Along the way you will occasionally come across floating Z-Coins — typically laid out in either long straight lines, or sometimes in a spiral formation — and collecting these will perhaps be your most important priority (thankfully they’re never found near obstacles). All of the research that went into creating your Zaxxon Prime star fighter was spent around the concept of you being able to blast your way successfully into the enemy’s base, but — sadly — little thought was given to what you were going to do after you’d won. Using these coins you will be able to, between escape attempts, permanently upgrade various facets of your spaceship — such as how power ups affect you, or how often coins appear — in order to ensure that your next attempt goes more smoothly than your last one.
These power-ups include: Auto-Pilot (which temporarily avoids all obstacles for you), Cloaking Technology (exact same thing, just with a different animation), Tractor Beam (grabs coins for you), Super Z-Coins (worth more than normal), and Point Multipliers. Purchasable options will enable these to appear at all — increase how long they last — and even make them far more potent when in use, with each successive upgrade costing more Z-Coins than the previous one did. Also purchasable are alternate ship designs — as well as single use items that either let you continue after death, or skip ahead to where the Z-Coins are naturally more plentiful — and even decorations so that your ship looks nicer.
As would probably be expected at this point, Zaxxon Escape — in case players should find that patience wasn’t one of their greatest virtues — does contain the ability to IAP obtain extra Z-Coins in bulk. However — outside of buying the single use boosters — one can, assuming they first come to terms with the game’s motion controls, easily obtain more than enough Z-Coins with which to fully max all of their spaceship’s upgrade options. This lack of coercive IAPs in a endless runner would — for anyone other than SEGA – be a rather shocking development, but SEGA has miraculously been one of the few companies than can regularly be counted on to be perpetually reasonable in this regard.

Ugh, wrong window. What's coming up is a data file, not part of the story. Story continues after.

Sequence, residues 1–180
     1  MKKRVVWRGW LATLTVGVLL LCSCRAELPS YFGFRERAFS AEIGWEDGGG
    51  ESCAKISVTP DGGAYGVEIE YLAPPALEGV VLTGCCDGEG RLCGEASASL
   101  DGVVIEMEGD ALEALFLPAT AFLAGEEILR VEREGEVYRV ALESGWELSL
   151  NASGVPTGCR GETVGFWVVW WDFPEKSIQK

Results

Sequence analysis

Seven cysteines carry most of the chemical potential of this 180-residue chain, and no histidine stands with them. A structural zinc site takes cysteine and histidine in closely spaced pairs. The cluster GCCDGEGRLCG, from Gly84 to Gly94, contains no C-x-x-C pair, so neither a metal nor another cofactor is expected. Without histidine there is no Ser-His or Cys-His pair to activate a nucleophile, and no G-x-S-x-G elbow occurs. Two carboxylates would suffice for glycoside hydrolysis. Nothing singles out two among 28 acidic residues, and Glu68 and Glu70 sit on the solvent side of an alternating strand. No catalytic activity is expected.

Anyways — game play matters aside — the style of Zaxxon Escape is perhaps the app’s greatest gem, leaving the player feeling as if they’re going through an endless version of Return of the Jedi’s iconic Death Star escape sequence. Narrowly evading pipe after pipe is certainly a breathtaking sight, and that goes doubly so when the auto pilot gets activated and you begin watching as your ship precision threads the needle at mach nine. If it wasn’t for game’s rather hard to master tilt controls — which will sadly leave many feeling as though their ship is impossible to control — Zaxxon Escape easily could have been a perfect recommendation, a problem that the upfront price doesn’t much help with.
iFanzine Verdict: An aesthetic that masterfully invokes the intense feeling of Return of the Jedi’s Death Star escape sequence, coupled with a rather unique control mechanic, makes SEGA’s Zaxxon Escape a very unique feeling endless runner. Anyone whom can successfully come to terms with the game’s odd controls will find much to enjoy in the title’s simple — yet maddeningly challenging — mission to escape the exploding space station, which is unfettered by aggressive IAPs blocking the way. The controls themselves — sadly — are the biggest challenge towards players enjoying Zaxxon Escape, and many will probably give up long before they discover how to best go about correctly rotating their iDevice in endless circles.